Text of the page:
I still have some knee discomfort (patella and surround), which I will call “spring knee”—as in “adaptive discomfort” to a new riding position. But while showing some discomfort on rides, the knees now seem to resolve this more and more quickly. Adaptive discomfort is OK—perfectly normal as training increases. But it does have to be monitored.
I also seem to have passed out of an months-long energy slump and have had a very nice week training, with my longest and hardest efforts in some months. Power generation is very good, endurance is less so.
I am back on my old saddle which is not perfect, but the technically better saddles were driving me crazy due to the lingering twist in my hips caused by an asymmetric crankset.
I have regained enough confidence to set myself a ridiculous goal.
I am 8 pounds too heavy and have missed 3+ months of training. And so I am going to take on a very serious challenge: the Everest Challenge is 6 weeks way. Here is what I must do in the six weeks between now and race day on August 23, 2013*.
Barring injury of course— my only “out”.
* I am not happy about seeing Everest Challenge race dates moved a month earlier to the intensely hot season. There is no fall color, tourists still drive the roads, and my kids start school that week. Total fail in so many ways. But it’s not up to me.
The Everest Challenge 2013 info is over at AntiGravityCycling.com.
At a portly 180 pounds as of July 8, this is simply too heavy for EC. While a weight of 174 would be a handicap, it would be acceptable. Therefore I must shed six pounds in ~6 weeks (last year I was 168 just before EC in late September).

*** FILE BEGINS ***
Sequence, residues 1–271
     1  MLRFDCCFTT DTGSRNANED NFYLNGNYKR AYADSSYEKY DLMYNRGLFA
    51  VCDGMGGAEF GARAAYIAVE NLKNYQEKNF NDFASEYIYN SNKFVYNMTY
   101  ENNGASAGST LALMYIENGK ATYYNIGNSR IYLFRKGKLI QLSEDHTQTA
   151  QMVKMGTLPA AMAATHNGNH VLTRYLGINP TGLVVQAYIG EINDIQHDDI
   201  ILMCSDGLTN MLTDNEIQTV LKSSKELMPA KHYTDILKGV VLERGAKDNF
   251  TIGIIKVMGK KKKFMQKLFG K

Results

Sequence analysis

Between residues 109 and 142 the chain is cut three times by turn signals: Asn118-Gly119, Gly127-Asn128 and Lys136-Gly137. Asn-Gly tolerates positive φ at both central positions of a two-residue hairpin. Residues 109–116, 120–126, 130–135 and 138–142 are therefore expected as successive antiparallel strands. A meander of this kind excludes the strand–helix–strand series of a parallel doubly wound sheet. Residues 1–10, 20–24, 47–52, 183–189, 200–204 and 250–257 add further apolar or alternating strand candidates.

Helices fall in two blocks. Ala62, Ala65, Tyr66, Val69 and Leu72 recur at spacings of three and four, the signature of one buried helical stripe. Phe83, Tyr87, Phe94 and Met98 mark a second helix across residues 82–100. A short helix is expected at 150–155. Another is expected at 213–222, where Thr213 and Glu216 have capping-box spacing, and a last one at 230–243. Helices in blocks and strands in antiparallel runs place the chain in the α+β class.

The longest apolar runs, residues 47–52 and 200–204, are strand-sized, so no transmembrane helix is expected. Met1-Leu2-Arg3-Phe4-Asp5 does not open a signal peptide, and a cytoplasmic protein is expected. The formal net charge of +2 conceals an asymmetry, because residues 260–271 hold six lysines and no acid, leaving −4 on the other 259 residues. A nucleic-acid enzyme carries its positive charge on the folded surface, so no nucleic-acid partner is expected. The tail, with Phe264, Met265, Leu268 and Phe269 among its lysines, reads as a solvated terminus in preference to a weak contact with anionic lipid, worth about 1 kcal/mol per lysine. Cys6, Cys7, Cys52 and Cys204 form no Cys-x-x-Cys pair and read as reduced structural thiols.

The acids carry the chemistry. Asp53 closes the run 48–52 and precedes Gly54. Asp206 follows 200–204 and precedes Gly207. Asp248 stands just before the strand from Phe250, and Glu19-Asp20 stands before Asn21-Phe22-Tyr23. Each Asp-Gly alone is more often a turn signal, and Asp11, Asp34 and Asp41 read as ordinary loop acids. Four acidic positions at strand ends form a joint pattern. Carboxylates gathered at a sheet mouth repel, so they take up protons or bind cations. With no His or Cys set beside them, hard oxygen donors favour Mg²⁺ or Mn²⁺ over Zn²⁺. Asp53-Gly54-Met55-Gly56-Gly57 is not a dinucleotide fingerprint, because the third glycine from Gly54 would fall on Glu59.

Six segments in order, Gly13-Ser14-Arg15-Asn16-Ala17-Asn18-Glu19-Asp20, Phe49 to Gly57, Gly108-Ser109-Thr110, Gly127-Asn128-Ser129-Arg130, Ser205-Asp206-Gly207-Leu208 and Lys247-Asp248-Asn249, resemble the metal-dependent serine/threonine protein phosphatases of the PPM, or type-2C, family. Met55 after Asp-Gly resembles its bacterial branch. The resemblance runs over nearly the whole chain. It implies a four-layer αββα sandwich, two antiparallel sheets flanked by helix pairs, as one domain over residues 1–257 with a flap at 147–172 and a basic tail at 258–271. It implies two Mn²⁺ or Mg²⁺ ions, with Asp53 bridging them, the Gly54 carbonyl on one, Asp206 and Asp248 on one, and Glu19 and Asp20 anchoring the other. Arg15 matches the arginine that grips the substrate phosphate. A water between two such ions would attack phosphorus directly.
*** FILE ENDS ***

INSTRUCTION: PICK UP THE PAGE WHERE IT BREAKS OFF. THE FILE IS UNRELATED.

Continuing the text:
I have 40 days to lose the fat. A pound of body fat is 3500 calories. Therefore, I must average a caloric deficit of 525 calories per day for 40 days to lose six pounds of body fat, or 700 calories per day to lose 8 pounds of body fat.
The discipline required to maintain 500-700 calorie deficits every day is intense, let alone doing so while gaining fitness and avoiding muscle loss.
Still, it is a key goal, because every extra pound equates to ~3-4 minutes of time over the course of all that climbing in EC. And body fat is an insulator that retards heat loss, a serious issue in an obscenely hot race in August.
Last year, I had the deep aerobic base of four double centuries and a century under my belt—none of that happened this year. So I don’t have that unbelievablely deep aerobic base that I had last year. This is a scary thing, so I need to get in some 3-4 hour rides twice a week over the next six weeks, this just has to happen.
Even so, this part scares me: slower up the hill is one thing, but reaching an exhaustion point of not return because of insufficient aerobic base is another. Add in potential 105° heat and it’s not an appealing combination.